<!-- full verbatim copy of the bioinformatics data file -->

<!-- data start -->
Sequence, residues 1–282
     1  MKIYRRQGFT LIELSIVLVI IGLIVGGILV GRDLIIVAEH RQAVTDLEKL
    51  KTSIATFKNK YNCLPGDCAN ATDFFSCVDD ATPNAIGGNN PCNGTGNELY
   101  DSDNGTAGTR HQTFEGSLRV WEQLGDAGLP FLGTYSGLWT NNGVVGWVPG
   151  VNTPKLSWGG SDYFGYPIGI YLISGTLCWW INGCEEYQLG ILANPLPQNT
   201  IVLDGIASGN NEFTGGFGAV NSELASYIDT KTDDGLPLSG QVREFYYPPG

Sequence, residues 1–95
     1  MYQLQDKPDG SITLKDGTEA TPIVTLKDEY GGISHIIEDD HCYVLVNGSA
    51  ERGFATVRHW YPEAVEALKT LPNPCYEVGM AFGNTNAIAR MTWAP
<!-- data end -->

Sequence, residues 1–282
     1  MKIYRRQGFT LIELSIVLVI IGLIVGGILV GRDLIIVAEH RQAVTDLEKL
    51  KTSIATFKNK YNCLPGDCAN ATDFFSCVDD ATPNAIGGNN PCNGTGNELY
   101  DSDNGTAGTR HQTFEGSLRV WEQLGDAGLP FLGTYSGLWT NNGVVGWVPG
   151  VNTPKLSWGG SDYFGYPIGI YLISGTLCWW INGCEEYQLG ILANPLPQNT
   201  IVLDGIASGN NEFTGGFGAV NSELASYIDT KTDDGLPLSG QVREFYYPPG

Sequence, residues 1–95
     1  MYQLQDKPDG SITLKDGTEA TPIVTLKDEY GGISHIIEDD HCYVLVNGSA
    51  ERGFATVRHW YPEAVEALKT LPNPCYEVGM AFGNTNAIAR MTWAP